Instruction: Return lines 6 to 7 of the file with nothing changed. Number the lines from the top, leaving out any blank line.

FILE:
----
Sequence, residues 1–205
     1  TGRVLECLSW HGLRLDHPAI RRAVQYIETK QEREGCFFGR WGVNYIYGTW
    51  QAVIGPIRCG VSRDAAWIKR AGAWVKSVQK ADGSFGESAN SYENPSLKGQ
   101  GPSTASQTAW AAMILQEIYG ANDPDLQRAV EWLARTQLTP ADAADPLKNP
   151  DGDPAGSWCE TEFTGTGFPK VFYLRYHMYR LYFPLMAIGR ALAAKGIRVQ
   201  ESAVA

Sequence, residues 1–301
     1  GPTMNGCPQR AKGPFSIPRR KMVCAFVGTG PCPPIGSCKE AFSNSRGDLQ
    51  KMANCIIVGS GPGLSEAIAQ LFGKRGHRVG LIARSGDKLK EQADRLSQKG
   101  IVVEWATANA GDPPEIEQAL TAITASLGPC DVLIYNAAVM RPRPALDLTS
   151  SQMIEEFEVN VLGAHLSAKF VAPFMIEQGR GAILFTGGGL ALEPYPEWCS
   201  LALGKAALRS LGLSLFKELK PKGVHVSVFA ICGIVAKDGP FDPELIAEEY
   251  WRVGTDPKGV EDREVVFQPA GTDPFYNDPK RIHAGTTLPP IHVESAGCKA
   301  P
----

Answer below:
   201  ESAVA

Sequence, residues 1–301